As we can see, the main function of the Cross is union with Christ. This union is theosis, which is salvation. The first act that unites an individual with Christ Jesus is Holy Baptism. Baptism is not simply a symbol, but rather is the washing of regeneration, as St. Paul says in Titus 3:5. The new birth of the Christian life is baptism. Jesus Christ says in John 3:5 that one cannot enter the kingdom of God unless one is born of “water and the Spirit.” The church fathers understood the water here to be the waters of Holy Baptism, through which the Holy Ghost works. It truly does wash away all sins prior to baptism. In Acts 22:16, St. Paul tells people to “rise, be baptized and wash away your sins”. St. Peter tells everyone in Acts 2:38 to be “baptized for the remission of your sins.” Baptism washes away sins because baptism unites one to Christ. St. Paul says in Colossians 2:12 that we have been “buried with [Christ] in baptism.” He reiterates this thought in Romans 6:4, where he states that, “We were buried therefore with him by baptism into death, in order that, just as Christ was raised from the dead by the glory of the Father, we too might walk in newness of life.” He states in Galatians 3:27 that “As many of you as were baptized into Christ have put on Christ.” St. Peter seals the point by pointing out in 1 Peter 3:21 that “baptism, which corresponds to this, now saves you.”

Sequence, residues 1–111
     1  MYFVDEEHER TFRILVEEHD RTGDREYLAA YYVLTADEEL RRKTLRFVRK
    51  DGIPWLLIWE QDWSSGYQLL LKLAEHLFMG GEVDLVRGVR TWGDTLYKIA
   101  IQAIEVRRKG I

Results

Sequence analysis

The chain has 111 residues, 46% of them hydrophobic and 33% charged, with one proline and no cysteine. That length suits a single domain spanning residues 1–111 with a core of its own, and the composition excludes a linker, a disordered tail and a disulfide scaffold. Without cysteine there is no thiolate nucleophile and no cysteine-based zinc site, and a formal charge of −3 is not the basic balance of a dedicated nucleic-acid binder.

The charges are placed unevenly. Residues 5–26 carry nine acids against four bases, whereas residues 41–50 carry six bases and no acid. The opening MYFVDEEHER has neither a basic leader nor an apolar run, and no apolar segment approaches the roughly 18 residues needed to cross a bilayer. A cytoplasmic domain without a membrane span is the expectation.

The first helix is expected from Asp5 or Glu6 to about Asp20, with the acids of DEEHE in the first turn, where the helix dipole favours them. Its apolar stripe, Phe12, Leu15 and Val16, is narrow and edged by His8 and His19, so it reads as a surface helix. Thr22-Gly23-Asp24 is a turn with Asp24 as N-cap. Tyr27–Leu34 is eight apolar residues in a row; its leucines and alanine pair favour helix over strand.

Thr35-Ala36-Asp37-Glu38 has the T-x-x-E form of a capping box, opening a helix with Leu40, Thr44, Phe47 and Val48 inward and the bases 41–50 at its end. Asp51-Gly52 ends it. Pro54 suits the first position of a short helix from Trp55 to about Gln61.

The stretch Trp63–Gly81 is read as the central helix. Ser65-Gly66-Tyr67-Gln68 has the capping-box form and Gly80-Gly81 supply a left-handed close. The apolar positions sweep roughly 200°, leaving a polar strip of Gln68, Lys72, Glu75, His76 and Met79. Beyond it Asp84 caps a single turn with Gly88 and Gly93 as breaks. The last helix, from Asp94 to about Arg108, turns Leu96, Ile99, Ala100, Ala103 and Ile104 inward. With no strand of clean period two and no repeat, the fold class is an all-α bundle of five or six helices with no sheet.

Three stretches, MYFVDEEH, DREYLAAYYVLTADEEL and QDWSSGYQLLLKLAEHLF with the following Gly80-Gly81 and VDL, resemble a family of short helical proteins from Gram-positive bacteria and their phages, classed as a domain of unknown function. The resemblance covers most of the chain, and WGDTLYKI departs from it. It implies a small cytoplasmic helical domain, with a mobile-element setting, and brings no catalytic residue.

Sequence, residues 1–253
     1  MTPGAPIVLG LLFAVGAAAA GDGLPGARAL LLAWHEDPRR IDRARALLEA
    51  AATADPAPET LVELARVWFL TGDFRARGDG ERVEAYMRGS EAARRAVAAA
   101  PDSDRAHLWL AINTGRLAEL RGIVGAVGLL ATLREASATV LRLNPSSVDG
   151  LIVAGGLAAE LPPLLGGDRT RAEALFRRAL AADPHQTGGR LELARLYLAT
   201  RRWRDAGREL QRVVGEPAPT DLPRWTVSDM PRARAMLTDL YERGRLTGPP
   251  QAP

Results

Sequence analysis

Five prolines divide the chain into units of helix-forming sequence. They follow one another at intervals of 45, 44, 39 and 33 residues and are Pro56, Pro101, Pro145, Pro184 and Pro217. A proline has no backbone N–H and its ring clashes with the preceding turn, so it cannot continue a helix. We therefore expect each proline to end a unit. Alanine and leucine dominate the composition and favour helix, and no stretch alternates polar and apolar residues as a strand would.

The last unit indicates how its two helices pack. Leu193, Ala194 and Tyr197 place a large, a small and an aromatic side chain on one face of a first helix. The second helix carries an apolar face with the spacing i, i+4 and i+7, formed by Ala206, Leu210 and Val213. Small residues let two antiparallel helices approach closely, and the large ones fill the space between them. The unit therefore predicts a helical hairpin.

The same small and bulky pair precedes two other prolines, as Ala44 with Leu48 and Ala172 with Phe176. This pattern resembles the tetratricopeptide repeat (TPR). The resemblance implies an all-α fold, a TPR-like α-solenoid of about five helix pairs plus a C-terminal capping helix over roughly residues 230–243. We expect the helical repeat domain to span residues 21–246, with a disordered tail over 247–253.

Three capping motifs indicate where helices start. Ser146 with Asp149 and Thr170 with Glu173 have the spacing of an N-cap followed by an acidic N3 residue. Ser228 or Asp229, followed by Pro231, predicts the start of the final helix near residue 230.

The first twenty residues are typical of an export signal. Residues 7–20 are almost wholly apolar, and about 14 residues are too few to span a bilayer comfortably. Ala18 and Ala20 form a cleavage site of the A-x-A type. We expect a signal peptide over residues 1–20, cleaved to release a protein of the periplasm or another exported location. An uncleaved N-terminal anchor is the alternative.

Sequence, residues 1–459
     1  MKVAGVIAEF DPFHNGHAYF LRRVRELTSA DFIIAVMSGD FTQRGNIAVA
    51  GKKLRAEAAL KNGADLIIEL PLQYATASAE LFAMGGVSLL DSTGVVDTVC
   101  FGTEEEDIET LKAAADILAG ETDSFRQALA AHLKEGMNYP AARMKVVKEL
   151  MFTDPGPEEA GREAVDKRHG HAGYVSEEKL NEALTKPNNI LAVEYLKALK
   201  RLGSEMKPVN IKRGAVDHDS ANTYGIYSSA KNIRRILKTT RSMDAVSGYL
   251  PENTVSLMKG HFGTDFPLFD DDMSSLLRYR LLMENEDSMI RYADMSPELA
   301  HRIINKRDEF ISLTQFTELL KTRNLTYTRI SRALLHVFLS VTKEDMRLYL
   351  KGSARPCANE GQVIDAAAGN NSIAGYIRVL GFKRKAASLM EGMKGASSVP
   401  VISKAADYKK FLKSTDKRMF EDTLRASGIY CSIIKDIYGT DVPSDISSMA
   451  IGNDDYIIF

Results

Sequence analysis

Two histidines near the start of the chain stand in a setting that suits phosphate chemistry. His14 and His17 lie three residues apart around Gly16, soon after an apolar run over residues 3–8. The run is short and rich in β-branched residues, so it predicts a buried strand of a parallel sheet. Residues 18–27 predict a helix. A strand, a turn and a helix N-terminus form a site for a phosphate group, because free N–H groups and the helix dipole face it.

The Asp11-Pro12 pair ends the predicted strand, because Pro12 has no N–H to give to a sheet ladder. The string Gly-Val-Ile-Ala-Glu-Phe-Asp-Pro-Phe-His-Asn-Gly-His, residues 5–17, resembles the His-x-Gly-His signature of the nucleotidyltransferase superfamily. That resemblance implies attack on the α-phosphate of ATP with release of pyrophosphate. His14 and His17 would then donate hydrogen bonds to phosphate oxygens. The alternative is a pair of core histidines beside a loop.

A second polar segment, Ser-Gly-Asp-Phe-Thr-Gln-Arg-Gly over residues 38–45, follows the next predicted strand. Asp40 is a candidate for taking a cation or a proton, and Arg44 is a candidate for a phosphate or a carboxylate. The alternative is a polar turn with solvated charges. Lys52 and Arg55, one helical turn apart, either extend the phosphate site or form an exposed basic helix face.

In addition to baptism, which unites Christians with Christ, the sacrament of Holy Chrismation seals them with the gift of the Holy Ghost. St. Luke tells us in Acts of the Apostles that for the initial mysteries to be complete, one must not only be baptized, but also chrismated. He records in Acts 8:14-17 that, “when the apostles at Jerusalem heard that Samaria had received the word of God, they sent to them Peter and John, who came down and prayed for them that they might receive the Holy Spirit, for he had not yet fallen on any of them, but they had only been baptized in the name of the Lord Jesus. Then they laid their hands on them and they received the Holy Spirit.” St. Paul also mentions the formula of baptism and chrismation when he writes in Titus 3:5, “he saved us, not because of works done by us in righteousness, but according to his own mercy, by the washing of regeneration and renewal of the Holy Spirit” The washing of regeneration, obviously, is baptism. In accord with the events in Acts 8, chrismation is the renewal of the Holy Spirit.